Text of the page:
What People Get Wrong about Dogs and Bones
Hello Dog Lovers, so for this months blog I found a really great article on Dogs and Bones.
‘Here’s What People Get Wrong about Dogs and Bones
Dogs and bones: it seems like a natural pairing. But in reality, some bones present health and safety hazards for your dog. Chewing is a natural dog behavior, and there are safe bones available. In fact, dog bones can provide mental stimulation and keep your dog’s teeth clean. But before you hand over any old bone, read on to learn about which bones are safe for dogs.
No cooked bones ever!
Most people know that cooked chicken bones, rib bones and chop bones are bad for dogs. In fact, cooked bones of any kind can be dangerous because they break and splinter into small, sharp pieces that can cut your dog’s mouth and digestive organs and cause a multitude of other health issues.
The safest bet is to never give your dog a bone from the family dinner. Even cooked beef bones can break into dangerous pieces. In addition to being dangerous, cooked bones aren’t as healthy as other bones because the cooking process strips them of many of their beneficial nutrients.
If you want to make use of meat and bones leftover from your meal, consider boiling them up and straining them into a tasty bone broth instead.
Choosing a raw or air dried bone for your dog
In general, raw or air dried bones are a lot safer than cooked bones. However, there are some raw bones you should never feed your dog. These include:
• Pork bones, which easily splinter and crack
• Rib bones of any kind, which are small and likely to crack or get stuck in your dog’s throat
• Chicken bones, which easily splinter and crack
• Any bone smaller than your dog’s mouth that they may swallow whole
Raw or Air dried bones from cows and ostriches are generally safe when used appropriately. It’s best to know where bones come from, so you should purchase raw bones from a butcher with locally sourced meat. Store them in the freezer and thaw them one at a time to give to your dog.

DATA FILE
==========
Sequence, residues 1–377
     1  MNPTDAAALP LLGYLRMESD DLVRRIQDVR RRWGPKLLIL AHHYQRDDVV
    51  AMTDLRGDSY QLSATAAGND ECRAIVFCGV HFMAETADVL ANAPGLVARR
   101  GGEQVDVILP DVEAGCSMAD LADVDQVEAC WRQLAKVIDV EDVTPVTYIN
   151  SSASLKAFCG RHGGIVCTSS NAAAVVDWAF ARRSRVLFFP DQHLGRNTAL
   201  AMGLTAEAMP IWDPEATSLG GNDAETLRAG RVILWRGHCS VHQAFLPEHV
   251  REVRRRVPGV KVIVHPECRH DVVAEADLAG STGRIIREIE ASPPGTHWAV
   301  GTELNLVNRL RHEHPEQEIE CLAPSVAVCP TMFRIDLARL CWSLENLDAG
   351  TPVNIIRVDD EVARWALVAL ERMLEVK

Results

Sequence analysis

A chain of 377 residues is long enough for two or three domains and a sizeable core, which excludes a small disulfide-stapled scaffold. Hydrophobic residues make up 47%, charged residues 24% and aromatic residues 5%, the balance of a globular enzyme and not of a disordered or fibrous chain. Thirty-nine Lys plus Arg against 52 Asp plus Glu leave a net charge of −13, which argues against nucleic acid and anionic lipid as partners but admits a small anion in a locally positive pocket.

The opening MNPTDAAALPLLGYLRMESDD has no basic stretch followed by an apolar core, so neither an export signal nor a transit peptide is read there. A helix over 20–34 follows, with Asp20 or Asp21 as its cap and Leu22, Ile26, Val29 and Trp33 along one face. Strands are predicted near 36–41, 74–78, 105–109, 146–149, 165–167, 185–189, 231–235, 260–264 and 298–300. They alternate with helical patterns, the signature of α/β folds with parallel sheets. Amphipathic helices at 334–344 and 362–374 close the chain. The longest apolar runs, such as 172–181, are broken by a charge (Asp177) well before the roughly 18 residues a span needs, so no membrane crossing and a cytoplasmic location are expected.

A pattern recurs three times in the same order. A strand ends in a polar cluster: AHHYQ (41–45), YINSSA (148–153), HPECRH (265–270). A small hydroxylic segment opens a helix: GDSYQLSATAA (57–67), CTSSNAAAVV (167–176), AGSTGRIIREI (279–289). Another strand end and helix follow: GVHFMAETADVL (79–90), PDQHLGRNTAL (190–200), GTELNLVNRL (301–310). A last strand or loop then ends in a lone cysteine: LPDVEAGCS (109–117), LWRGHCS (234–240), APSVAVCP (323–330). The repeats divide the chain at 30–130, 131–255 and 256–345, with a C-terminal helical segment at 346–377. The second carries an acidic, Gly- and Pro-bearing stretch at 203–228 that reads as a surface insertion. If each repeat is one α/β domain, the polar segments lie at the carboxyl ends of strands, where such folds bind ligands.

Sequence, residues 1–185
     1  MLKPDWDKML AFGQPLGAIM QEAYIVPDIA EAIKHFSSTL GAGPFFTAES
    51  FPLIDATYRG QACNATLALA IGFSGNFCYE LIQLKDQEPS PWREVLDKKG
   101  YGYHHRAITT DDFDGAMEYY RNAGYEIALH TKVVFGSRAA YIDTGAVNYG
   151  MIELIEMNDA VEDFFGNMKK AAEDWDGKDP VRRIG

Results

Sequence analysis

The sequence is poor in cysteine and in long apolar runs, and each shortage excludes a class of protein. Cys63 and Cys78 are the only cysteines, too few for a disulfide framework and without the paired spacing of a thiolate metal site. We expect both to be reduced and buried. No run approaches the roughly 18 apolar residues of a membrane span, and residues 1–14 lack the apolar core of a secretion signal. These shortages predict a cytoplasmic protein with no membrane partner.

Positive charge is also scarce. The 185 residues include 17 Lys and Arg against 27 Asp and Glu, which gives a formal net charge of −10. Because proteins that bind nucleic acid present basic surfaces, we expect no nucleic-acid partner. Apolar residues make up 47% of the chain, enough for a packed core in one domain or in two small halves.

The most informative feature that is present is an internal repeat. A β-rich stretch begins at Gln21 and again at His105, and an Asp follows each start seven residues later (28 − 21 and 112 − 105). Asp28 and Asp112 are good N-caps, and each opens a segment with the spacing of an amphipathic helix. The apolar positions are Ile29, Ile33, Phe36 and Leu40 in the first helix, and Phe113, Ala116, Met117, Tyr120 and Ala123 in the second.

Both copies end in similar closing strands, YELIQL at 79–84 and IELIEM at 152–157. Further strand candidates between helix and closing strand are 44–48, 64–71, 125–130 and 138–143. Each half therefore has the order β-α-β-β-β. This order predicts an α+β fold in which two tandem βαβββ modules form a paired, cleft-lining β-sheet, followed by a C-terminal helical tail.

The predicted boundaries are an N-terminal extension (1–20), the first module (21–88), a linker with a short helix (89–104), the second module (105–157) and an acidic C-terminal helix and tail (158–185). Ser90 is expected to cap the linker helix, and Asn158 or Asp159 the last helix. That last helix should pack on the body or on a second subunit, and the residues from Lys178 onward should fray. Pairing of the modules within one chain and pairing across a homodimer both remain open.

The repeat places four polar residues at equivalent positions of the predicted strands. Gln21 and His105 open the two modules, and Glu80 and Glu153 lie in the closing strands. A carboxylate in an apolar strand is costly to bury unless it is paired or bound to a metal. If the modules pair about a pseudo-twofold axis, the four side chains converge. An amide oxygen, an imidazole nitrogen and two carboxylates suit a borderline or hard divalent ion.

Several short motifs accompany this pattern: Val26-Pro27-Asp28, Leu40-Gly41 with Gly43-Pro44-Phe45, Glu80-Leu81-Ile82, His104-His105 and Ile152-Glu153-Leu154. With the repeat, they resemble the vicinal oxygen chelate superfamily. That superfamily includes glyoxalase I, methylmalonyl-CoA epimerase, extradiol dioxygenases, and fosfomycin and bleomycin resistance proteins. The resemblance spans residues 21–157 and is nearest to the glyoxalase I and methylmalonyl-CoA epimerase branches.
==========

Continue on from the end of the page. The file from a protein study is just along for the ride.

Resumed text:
When choosing a raw or air dried bone for your dog, look for one that’s about the size of their head. Why so big? Well, a big bone will let your dog chew while reducing the chance that they’ll break off and swallow a dangerous chunk. For extra-large dogs, raw or air dried beef and ostrich knuckle bones make great chews!
One note of caution around feeding your dog raw bones: they can communicate food-borne illnesses like salmonella. If you’ve given your dog a raw bone, make sure you throw it out after a couple of hours. I personally prefer the air dried bones, dogs can chew on them days. Once finished their chewing for a couple of hours, store the bone in the fridge or even freezer until chew time the next day.
The air dried bones are safer, last longer and carry less illnesses.
Any bone can cause a choking hazard when chewed into small pieces. So, you should always supervise your dog while they’re chewing a bone and take away it away once it’s worn down to a size smaller than their mouth.
Finally, it’s best to give your dog a bone after they’ve already eaten. Hungry dogs are more likely to swallow pieces of bone or chew too hard and potentially injure their mouths. A satiated dog will enjoy the mental stimulation of chewing without feeling the urge to eat the bone.’
Author is Elisabeth Geier who is a writer, teacher, and animal advocate with extensive animal handling experience